The science behind your dislikes for your own cooking

By Reign Stefany Gabrielle Jimenez Rosales

Have you ever experienced having to prepare your family’s lunch, but end up losing appetite to even taste it? Weird as it may sound, there's a scientific premise behind your dislikes for the meals and dishes that you personally prepare.


Photo Courtesy Elnur/Dreamstime.com/iStock


According to Daniel Kaneman, a Nobel prize winning psychologist, when you are preparing food, you are already predicting its taste — even if you're just thinking of its flavors during the cooking process. This can eventually drain all the excitement and leave you unsatisfied. It turns out that other individuals may still like your cooking; this is simply because they have not preconditioned the food's taste before they were eating the meal.

Many food enthusiasts might doubt this finding, as most of us were always told that imagining a food’s taste can eventually trigger a large amount of desire towards it. When we imagine any form of snack, aren't we supposed to feel hungry and excited towards the taste of this snack? The big difference from it is that preparing food uses our energy, which leads to early "satiation". Meanwhile, if we only imagine ourselves eating the snack without actually cooking it, we do not use up energy or create "satiation" at all.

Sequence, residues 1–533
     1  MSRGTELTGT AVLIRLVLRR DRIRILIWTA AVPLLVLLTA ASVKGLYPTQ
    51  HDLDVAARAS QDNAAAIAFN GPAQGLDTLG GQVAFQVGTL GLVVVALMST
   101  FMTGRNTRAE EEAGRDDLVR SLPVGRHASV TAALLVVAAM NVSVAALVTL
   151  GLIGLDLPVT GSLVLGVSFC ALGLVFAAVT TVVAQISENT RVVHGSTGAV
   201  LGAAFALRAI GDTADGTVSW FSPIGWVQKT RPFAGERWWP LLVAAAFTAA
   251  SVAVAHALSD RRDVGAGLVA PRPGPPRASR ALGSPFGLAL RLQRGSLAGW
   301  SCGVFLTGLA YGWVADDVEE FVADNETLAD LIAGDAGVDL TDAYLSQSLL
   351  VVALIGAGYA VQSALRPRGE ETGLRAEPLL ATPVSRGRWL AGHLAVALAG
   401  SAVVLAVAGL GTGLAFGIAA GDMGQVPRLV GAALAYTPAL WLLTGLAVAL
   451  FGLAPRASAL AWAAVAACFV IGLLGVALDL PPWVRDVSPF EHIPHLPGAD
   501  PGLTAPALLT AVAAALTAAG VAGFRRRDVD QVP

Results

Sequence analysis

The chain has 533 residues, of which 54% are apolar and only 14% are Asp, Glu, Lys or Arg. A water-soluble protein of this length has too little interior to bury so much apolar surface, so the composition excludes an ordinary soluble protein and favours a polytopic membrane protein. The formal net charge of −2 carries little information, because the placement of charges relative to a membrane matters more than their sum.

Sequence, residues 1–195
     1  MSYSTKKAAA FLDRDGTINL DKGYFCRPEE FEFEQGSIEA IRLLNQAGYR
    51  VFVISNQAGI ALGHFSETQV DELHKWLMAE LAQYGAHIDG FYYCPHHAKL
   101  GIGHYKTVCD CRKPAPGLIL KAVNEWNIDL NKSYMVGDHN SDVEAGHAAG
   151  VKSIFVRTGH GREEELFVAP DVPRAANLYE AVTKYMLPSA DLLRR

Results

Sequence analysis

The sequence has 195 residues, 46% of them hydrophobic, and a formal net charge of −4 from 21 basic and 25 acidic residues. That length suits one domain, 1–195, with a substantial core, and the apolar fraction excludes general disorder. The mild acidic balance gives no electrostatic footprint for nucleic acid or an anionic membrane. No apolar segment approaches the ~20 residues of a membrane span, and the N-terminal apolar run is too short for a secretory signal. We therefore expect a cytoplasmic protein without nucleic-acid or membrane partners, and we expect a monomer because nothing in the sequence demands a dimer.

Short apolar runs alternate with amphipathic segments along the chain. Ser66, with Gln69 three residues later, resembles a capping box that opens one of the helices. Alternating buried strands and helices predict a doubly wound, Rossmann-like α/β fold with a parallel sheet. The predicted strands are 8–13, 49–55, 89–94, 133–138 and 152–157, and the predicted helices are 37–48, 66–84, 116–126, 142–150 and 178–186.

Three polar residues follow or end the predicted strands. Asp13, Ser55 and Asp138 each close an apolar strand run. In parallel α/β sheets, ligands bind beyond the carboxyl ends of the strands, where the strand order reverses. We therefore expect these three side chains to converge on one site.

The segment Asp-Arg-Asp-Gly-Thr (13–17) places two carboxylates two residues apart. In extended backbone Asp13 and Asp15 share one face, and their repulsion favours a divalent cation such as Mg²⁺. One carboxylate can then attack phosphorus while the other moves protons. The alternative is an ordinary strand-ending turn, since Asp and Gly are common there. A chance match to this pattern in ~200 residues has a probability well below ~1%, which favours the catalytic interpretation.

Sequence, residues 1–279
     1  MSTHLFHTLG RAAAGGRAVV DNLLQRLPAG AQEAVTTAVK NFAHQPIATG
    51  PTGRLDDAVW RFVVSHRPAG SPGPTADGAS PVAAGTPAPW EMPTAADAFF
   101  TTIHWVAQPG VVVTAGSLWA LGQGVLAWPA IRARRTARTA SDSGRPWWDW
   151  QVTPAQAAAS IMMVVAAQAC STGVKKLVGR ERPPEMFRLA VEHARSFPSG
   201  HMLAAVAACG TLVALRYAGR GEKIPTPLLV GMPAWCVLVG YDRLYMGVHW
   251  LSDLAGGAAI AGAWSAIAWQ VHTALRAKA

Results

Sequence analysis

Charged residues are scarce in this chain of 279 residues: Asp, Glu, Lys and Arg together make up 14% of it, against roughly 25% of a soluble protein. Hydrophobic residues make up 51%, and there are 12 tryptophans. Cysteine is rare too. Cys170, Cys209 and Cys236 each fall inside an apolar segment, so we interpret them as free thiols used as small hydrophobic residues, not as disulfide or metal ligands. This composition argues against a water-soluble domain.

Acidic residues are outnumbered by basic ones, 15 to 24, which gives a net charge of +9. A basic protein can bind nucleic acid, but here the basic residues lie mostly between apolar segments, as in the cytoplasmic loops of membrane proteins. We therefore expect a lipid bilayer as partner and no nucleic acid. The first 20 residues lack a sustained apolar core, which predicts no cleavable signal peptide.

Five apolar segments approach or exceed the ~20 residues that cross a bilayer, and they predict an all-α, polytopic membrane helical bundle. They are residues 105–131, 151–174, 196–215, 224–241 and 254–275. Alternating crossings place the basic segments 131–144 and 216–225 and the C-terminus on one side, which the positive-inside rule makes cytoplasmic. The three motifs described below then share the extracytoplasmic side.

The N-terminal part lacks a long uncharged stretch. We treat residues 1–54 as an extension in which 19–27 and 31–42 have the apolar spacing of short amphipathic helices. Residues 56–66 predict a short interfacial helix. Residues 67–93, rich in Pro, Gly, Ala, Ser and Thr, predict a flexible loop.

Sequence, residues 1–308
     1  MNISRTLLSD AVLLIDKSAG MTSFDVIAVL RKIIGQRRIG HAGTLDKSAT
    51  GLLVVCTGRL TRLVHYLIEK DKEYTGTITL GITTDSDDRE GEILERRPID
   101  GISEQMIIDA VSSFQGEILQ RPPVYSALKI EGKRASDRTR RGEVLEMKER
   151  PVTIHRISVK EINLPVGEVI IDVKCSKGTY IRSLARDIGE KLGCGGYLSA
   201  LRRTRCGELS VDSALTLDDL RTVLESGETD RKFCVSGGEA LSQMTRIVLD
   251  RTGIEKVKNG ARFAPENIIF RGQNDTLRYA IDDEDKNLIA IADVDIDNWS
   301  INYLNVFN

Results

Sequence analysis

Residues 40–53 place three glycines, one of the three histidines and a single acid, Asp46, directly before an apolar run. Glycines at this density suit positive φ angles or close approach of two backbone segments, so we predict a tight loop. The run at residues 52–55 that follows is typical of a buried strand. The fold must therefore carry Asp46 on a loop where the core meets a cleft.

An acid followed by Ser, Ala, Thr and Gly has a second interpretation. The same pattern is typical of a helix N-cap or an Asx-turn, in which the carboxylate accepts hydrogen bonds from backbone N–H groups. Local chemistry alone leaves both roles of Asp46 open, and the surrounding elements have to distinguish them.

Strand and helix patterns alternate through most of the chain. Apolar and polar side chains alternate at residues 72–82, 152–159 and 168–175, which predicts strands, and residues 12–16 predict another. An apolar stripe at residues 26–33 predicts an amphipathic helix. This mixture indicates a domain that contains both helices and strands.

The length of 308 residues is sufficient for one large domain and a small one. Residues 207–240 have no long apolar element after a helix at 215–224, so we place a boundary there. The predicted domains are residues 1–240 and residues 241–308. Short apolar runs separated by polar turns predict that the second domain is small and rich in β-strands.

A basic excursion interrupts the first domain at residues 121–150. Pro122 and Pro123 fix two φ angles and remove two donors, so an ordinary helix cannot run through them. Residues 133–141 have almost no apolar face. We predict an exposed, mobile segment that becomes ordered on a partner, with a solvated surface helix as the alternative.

Our point has been proven by Carnegie Mellon University Researchers stating that exposure to a stimulus affects our psychological response. This means being exposed to the food’s ingredients and making it over time just makes it less special. It also doesn’t matter if the ingredients are tasted or not, the thought of it is enough to fulfil that past desire.  

Mentioning it, there is a filipino term ‘umay’ which describes this feeling of having enough like we mentioned above; the over exposure towards something leads to fulfilment that makes us stop eating or doing something we were revealed to. Our points then will be proven by a situation, if you eat a special dish or order the same thing repeatedly, this may over expose us to the stimulus. The circumstances cause it to lose its charming taste and order us to stop.

Preparing concerns our energy, time and the quality. Things that do not cover the experiences of the consumer that leads them to have the uttermost satisfaction.

Now you know why preparing and eating is different from just eating. This is what we call ‘umay’.

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